Slippery Rock coach Mihalik teaches more than football

Slippery Rock coach George Mihalik guided The Rock to a win over previously unbeaten Indiana (Pa.) on Saturday, Oct. 12, 2013.
Slippery Rock coach George Mihalik guided The Rock to a win over previously unbeaten Indiana (Pa.) on Saturday, Oct. 12, 2013.
Bob Cohn
| Monday, Oct. 14, 2013, 11:18 p.m.

Football coaches like to call themselves teachers and to some extent they are, once you get past the yelling and cursing and the occasional scholarship withholding.

Slippery Rock coach George Mihalik, however, is the real thing, a genuine college instructor right down to his doctoral degree and tenured professorship.

“I tell players, ‘I walk the same walk you do,' ” he said. “We both go to class, we both have to prepare for class.”

In his 26th season at The Rock, as the school is known, Mihalik shares his “ideal scenario” with his players.

“I tell them that on graduation day I want you to go across the stage with a diploma in one hand and a championship ring in the other,” he said.

Mihalik, 61, teaches one class in the fall called Security in the Workplace, and two classes of Management and Integration of Safety in the spring. On Saturday, he and Slippery Rock delivered some hard lessons, creating a workplace dangerously insecure and unsafe to Indiana (Pa.).

Facing the top-ranked defense in NCAA Division II at the time, Slippery Rock dealt IUP its first loss, 42-16, before a pleasantly stunned home crowd. Even Mihalik acknowledged a touch of surprise.

“When you're going against the No. 1 defense in the nation, you just hope you're going to be able to move the ball,” he said.

Slippery Rock moved indeed, at warp speed from their spread, no-huddle offense. They gained 676 yards, the most ever against IUP and more than three times what the Crimson Hawks, ranked seventh at the time, were yielding this season.

“We all had a connected day,” said senior quarterback Nigel Barksdale, who threw for 425 yards and two touchdowns. “We all played as one.”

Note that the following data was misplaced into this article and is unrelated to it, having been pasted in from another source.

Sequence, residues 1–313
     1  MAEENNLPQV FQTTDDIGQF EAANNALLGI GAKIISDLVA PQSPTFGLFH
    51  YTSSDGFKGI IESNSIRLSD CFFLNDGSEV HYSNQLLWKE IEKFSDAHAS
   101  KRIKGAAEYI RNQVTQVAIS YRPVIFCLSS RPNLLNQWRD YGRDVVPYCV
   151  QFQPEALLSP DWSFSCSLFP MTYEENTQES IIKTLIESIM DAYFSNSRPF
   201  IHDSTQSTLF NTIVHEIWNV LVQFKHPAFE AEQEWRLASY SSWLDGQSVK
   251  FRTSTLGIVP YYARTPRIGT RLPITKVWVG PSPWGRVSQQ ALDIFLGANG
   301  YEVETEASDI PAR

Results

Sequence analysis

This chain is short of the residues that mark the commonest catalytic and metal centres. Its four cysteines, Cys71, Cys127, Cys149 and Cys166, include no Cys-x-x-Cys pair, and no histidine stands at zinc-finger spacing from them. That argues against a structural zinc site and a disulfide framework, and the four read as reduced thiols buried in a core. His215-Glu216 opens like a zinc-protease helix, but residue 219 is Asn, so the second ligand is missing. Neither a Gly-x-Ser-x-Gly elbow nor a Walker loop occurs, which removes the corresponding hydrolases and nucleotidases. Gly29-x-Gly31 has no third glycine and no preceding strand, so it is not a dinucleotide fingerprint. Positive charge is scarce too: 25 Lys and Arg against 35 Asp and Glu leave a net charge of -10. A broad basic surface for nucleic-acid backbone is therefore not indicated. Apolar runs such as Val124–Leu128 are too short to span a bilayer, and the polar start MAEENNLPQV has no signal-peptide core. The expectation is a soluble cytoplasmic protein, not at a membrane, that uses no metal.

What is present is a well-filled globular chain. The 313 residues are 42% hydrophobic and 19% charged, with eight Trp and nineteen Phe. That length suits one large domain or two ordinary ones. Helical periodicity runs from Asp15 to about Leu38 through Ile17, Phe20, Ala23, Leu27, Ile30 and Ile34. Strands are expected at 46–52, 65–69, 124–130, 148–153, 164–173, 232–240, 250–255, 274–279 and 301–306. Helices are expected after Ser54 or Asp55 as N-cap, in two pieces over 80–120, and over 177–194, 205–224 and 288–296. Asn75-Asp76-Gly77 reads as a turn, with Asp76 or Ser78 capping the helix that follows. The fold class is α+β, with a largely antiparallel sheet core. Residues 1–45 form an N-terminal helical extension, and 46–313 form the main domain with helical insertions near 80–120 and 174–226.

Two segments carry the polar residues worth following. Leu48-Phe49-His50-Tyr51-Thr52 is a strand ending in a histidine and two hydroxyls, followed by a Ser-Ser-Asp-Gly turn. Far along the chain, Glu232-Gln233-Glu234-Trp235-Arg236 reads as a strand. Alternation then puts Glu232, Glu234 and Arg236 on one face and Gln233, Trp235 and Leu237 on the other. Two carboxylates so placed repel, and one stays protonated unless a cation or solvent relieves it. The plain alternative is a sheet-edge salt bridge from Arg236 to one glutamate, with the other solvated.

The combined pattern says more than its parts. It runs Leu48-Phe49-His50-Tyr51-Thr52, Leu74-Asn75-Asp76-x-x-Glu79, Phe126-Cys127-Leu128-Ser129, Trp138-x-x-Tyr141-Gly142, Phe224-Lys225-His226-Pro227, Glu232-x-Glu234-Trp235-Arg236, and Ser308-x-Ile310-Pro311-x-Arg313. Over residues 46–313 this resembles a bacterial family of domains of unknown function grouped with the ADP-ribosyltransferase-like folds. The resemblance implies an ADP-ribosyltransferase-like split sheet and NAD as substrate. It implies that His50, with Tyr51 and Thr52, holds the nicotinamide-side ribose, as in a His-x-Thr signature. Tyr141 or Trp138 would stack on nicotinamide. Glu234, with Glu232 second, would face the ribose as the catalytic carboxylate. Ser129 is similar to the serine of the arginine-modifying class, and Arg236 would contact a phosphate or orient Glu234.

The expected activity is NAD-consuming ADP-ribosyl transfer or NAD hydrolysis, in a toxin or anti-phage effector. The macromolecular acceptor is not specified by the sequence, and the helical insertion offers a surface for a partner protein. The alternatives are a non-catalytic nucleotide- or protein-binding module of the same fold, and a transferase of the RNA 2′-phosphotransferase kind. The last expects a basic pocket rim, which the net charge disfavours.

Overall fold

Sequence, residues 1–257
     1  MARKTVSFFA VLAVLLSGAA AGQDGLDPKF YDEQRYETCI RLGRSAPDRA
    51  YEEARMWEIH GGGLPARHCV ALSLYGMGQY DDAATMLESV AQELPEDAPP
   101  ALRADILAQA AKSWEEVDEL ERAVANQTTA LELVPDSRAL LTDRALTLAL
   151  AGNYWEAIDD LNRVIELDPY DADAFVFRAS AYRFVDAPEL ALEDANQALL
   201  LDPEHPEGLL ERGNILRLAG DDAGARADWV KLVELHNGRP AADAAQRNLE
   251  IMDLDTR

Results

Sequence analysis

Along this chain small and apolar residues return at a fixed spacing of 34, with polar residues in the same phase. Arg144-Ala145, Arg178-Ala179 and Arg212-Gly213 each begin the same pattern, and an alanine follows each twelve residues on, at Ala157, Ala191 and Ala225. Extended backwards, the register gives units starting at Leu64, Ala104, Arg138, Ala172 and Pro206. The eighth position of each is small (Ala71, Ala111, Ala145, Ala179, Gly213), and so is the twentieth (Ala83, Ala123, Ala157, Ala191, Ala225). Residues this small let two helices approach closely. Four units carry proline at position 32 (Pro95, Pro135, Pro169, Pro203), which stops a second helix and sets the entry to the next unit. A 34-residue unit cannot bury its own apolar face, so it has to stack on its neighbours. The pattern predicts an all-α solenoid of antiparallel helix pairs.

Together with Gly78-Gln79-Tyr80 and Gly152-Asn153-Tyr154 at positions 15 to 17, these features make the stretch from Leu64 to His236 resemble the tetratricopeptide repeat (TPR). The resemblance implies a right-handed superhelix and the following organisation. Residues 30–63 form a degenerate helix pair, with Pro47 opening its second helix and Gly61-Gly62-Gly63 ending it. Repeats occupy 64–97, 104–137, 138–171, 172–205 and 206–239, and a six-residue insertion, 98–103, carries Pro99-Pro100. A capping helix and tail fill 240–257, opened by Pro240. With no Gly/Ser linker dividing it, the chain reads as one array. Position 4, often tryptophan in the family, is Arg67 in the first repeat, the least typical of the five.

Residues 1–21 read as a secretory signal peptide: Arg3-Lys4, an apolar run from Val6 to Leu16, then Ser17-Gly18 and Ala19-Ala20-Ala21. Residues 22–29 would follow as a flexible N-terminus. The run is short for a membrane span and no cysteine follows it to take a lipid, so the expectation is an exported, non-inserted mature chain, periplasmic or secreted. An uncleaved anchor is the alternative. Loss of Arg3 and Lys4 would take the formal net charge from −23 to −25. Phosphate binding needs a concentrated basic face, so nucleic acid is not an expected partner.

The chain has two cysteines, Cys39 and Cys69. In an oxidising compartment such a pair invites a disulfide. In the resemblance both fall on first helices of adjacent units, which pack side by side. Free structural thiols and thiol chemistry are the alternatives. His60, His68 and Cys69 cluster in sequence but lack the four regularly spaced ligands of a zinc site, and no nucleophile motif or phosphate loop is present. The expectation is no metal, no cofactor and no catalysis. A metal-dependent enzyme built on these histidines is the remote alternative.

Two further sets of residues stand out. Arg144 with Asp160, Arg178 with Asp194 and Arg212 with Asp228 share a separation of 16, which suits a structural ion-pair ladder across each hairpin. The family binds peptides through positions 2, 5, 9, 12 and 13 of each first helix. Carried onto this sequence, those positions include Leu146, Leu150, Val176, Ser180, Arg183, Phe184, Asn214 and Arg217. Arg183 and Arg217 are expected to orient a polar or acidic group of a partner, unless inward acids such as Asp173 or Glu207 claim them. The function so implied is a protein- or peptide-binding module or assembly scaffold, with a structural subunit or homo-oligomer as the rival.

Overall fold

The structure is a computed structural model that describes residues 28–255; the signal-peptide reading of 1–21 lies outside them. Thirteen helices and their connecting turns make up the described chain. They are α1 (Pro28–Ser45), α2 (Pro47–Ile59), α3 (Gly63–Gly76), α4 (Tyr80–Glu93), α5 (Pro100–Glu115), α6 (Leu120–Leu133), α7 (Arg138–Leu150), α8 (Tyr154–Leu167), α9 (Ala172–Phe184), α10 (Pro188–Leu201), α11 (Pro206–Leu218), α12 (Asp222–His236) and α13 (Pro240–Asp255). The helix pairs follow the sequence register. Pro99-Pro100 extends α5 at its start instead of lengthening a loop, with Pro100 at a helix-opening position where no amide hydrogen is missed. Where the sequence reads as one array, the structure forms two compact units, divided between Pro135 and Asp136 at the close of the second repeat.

“I think it's so hard for the opponent to replicate our offense during the week,” Mihalik said. “It's something they don't expect. ... It was very obvious they were struggling with the tempo and their players' ability to stay on the field. It looked like some of their players were fatigued.”

IUP was holding opponents to six points per game. On the other side of the ball, the Crimson Hawks came in averaging 204 yards on the ground but managed just 59, its lowest output in nine years.

On Monday, IUP fell to 22nd in the poll. Slippery Rock remained unranked. Both teams are 5-1 overall, 2-1 in the Pennsylvania State Athletic Conference West, with much to be decided.

A former starting quarterback for Slippery Rock, Mihalik, who grew up in Ebensburg, is trying to reach the playoffs for the first time since 1999. He is No. 1 in career wins at the school, his legend firmly established. In 2011, N. Kerr Thompson Stadium became Thompson-Mihalik Stadium.

“I think he's an icon here,” athletic director Paul Leuken said. “He's looked up to so much, as a faculty member as well as a coach. People respect him. He does things the right way.”

Bob Cohn is a staff writer for Trib Total Media. Reach him at

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